Cal U Parent & Family E-News: March/April 2013

Spring Forward, Don't Fall Back: Seven Study Tips to Keep Your Student on Track after Spring Break

Students enjoyed a brief freedom from the books over break. They've returned to campus, bringing some Spring fever along with them. For many, this means a wakeup call to get back into the groove of good study habits. Here are seven savvy tips to help your student maximize study time from University Parent.

1. A Room for Every Thought

According to an article published in the New York Times new scientific research suggests some traditional study habits may be scientifically unsound. One of those, for instance, is the traditional theory that hiding away for long hours in a library - or other quiet place - is the best method to lock in information. New studies by cognitive scientists say that alternating study locations increases the mind's ability to memorize. Alternate locations act as guideposts, so to speak, to catalogue new concepts and ideas.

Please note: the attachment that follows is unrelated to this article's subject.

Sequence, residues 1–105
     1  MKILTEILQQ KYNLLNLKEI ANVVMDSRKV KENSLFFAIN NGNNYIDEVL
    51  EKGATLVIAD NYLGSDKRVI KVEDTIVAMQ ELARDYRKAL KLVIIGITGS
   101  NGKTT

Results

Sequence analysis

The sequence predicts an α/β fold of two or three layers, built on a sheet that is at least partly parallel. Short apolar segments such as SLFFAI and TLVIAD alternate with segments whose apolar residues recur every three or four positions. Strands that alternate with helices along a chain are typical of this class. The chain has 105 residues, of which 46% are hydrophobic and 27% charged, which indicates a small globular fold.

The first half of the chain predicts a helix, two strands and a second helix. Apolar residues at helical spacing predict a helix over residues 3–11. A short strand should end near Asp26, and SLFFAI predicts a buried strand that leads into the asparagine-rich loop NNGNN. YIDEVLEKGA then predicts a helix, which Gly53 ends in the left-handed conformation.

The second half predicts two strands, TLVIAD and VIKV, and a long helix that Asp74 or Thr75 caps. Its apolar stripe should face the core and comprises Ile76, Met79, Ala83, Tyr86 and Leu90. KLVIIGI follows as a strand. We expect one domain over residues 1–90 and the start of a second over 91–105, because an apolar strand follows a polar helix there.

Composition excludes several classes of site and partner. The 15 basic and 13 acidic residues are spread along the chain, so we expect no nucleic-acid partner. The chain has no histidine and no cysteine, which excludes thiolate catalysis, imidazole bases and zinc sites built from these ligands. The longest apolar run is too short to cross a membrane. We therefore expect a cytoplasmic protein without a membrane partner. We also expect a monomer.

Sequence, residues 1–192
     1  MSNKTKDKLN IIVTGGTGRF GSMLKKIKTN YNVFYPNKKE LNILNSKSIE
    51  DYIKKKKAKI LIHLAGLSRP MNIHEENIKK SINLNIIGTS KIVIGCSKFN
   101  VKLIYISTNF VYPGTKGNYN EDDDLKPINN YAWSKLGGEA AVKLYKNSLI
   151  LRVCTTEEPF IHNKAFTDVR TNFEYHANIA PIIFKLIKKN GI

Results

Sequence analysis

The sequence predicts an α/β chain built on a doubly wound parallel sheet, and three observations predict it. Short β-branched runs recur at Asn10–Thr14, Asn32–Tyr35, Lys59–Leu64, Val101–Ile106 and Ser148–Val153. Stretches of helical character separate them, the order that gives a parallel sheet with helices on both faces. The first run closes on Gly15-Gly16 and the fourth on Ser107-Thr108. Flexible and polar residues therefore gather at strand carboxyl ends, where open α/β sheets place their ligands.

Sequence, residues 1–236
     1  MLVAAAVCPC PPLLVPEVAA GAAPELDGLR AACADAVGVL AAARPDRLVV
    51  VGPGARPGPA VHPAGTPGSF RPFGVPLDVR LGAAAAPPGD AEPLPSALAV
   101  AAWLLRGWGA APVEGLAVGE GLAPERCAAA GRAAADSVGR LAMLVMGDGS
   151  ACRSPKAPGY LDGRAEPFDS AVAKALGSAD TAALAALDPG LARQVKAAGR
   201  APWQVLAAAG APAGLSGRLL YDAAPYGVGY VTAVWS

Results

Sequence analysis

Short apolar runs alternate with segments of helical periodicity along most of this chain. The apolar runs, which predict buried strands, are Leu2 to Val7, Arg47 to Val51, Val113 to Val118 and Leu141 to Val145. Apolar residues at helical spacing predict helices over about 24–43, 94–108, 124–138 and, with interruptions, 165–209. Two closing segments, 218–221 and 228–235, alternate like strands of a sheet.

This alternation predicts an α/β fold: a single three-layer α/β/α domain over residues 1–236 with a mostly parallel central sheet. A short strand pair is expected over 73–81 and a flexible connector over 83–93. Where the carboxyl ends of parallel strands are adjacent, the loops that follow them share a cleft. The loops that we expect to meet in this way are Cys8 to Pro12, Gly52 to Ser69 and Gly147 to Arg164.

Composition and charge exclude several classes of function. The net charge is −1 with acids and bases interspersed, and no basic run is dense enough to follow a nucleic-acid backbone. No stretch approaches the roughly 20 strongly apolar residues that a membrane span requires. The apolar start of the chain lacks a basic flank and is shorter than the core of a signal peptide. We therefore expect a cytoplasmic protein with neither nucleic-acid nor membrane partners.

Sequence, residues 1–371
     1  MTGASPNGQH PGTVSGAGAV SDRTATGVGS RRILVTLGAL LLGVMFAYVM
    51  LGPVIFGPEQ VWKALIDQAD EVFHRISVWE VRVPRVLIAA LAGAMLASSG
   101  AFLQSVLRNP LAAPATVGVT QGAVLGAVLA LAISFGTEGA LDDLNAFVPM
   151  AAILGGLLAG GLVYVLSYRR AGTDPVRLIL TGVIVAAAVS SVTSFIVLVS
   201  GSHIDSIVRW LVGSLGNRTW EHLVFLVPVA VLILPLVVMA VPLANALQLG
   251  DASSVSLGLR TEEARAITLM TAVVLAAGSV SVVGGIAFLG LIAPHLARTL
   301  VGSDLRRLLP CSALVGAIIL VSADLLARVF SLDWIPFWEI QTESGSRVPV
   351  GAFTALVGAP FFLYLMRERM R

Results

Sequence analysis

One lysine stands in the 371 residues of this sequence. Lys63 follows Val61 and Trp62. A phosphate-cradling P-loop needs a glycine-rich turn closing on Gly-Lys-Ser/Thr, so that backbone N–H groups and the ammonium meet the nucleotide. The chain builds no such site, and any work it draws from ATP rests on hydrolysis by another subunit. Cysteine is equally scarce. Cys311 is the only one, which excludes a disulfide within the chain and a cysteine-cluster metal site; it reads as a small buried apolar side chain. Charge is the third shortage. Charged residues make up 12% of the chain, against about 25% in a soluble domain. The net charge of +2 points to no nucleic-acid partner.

2. Test to Study, Study to Test


It might leave a disagreeable taste in their mouths, but love it or hate it, testing has shown to be one of the best forms of study. Cognitive scientists say that testing allows the brain to more easily label and catalog information for recall later on. Flash cards, online practice tests, and practice tests with friends can help.

3. Slow and Steady Wins the Race


Cramming can be great for a quick fix, but long term, it will leave students wondering where all their late nights went. Like a come-and-go sugar rush, experts say cramming only creates short mental sprints, allowing the brain just enough ability to memorize information for a short time. Gradual and consistent repetition has always been the ideal way to retain complex material. Applying this study skill is crucial for subjects, like math and science that build upon themselves year after year. While cramming may win a battle, in the end, it will lose the war.

4. Good Notes, Good Grades